Nuts and Seeds

Which trees do they come from?

Let's learn about our wild nuts and seeds

Hello! In this tutorial, we are going to learn all about our most common nuts and tree seeds. Including, what they are, which trees they come from and the different types of seeds. Afterwards, if you would love some more resources about our most common nuts and seeds, why not check out our nuts and seeds resources. Are you ready? Lets get started!

wild nuts and seeds

Let's learn about our wild nuts and seeds

What are nuts and seeds?

Nuts and seeds are basically the babies or offspring of parent trees. They are produced following pollination of the trees’ flowers and contain all the genetic material of the tree. Inside, they have a supply of food and nutrients ready to start their journey into new trees and in fact, they are specially adapted to disperse away from their parent trees.

What is the difference between nuts and seeds?

While we may differentiate them based on ‘look’, they are all ‘seeds’ – even nuts. They are also all housed inside ‘fruit’, although they may not look like the fleshy fruits and berries we identify as fruit.

How many types of seeds are there?

There are several different types of seeds, each adapted to travel away from its parent and become a brand new tree. There are winged seeds, parachute seeds, bouncing seeds, rolling seeds, catapulting seeds, floating seeds, edible seeds…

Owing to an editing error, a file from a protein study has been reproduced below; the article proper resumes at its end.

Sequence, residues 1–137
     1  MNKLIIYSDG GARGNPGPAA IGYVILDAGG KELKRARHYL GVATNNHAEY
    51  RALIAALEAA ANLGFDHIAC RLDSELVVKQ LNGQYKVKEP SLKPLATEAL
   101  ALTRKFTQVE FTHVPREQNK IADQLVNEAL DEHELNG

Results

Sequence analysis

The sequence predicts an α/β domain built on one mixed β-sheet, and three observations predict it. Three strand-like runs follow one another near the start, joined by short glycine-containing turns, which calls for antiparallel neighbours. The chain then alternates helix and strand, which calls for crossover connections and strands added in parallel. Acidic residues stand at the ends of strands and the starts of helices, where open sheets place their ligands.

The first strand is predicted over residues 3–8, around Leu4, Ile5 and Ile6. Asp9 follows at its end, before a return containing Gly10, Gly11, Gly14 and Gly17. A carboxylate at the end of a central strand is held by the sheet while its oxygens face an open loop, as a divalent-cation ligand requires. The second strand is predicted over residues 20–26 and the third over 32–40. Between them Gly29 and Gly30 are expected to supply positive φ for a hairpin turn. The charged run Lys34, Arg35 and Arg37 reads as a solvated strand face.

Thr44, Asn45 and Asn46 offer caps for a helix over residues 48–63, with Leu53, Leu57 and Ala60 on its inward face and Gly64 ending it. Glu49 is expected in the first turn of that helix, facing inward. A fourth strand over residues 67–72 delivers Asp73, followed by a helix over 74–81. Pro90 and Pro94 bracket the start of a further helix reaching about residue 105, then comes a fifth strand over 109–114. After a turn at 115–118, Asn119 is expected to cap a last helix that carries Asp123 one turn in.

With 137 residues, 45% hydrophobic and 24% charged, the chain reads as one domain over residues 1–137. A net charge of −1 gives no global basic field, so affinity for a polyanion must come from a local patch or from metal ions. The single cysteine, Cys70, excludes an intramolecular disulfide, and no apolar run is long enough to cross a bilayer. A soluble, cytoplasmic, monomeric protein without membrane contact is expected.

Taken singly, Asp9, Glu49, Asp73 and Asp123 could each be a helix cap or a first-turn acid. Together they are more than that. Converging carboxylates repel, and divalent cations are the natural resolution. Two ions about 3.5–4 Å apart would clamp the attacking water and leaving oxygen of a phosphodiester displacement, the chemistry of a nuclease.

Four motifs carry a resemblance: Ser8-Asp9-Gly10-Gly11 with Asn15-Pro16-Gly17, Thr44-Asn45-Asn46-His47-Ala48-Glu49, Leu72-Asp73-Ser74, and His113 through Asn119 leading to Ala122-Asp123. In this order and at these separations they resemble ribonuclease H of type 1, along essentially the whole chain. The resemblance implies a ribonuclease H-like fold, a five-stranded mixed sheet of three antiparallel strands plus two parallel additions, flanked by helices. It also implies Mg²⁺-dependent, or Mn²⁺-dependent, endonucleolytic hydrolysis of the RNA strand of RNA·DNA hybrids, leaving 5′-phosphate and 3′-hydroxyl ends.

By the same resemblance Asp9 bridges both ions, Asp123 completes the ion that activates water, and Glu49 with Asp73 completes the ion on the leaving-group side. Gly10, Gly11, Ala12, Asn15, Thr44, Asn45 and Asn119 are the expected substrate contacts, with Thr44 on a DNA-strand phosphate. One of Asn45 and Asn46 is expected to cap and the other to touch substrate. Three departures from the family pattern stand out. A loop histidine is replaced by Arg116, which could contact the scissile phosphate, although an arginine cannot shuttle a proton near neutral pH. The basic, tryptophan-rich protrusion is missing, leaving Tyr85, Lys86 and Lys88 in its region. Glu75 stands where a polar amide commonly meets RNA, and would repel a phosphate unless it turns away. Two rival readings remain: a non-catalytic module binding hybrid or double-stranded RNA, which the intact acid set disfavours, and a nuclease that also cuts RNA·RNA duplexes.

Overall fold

How are seeds adapted to disperse?

All trees have special adaptations to help their offspring get off to a good start. This means, germinating away from their parent tree so they are not competing for nutrients, water and sunlight. Also, to avoid cross-pollination as they grow up.

  • The hard shells on some seeds protect the from smashing as they fall to the ground and encourage them to roll or bounce away. 
  • Winged seeds are designed to catch the wind and air currents in order to fly away.
  • Light, tiny seeds can disperse on even the slightest breeze.
  • Buoyancy aids in some seeds stop them becoming waterlogged and help them float away on the water.
  • Finally, a supply of starchy goodness and other carbohydrates, encourage birds and animals to take some seeds away and bury them.
  • You can learn more about winged seeds here.

Which trees produce seeds?

There are many sizes and shapes of tree seeds, but usually, we only notice the larger sized seeds. So, here are the main nine you are likely to notice on your nature walks: 

  • Ash
  • Field maple
  • Hornbeam
  • Linden
  • London plane
  • Norway maple
  • Pine
  • Sycamore
  • Wych elm

You can see what they all look like over in our field guides.

Which trees produce nuts?

Our six most common ‘nut’ producing trees, are:

  • Beech
  • Hazel
  • Horse chestnut
  • Oak
  • Sweet chestnut
  • Walnut

Which nuts are edible?

Some of our wild nuts are edible and can be foraged. But remember, some of them are toxic and must not be eaten. So, never eat any nut or seed unless you are completely sure of its identity and know it is okay to be eaten.

Our three most common edible nuts, are:

  • Beech
  • Hazel
  • Sweet chestnut
  • Walnut
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4 thoughts on “Nuts and Seeds of the British Isles”

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4 thoughts on “Nuts and Seeds of the British Isles”

  1. Pingback: Helicopter Seeds – How to identify our most common helicopter seeds – My Nature Nook

  2. Pingback: Wild Berries – How to find and identify our common hedgerow berries – My Nature Nook

  3. Pingback: What To Look For On An Autumn Nature Walk – My Nature Nook

  4. Pingback: Why Do Maple Tree Seeds Spin As They Fall? – My Nature Nook

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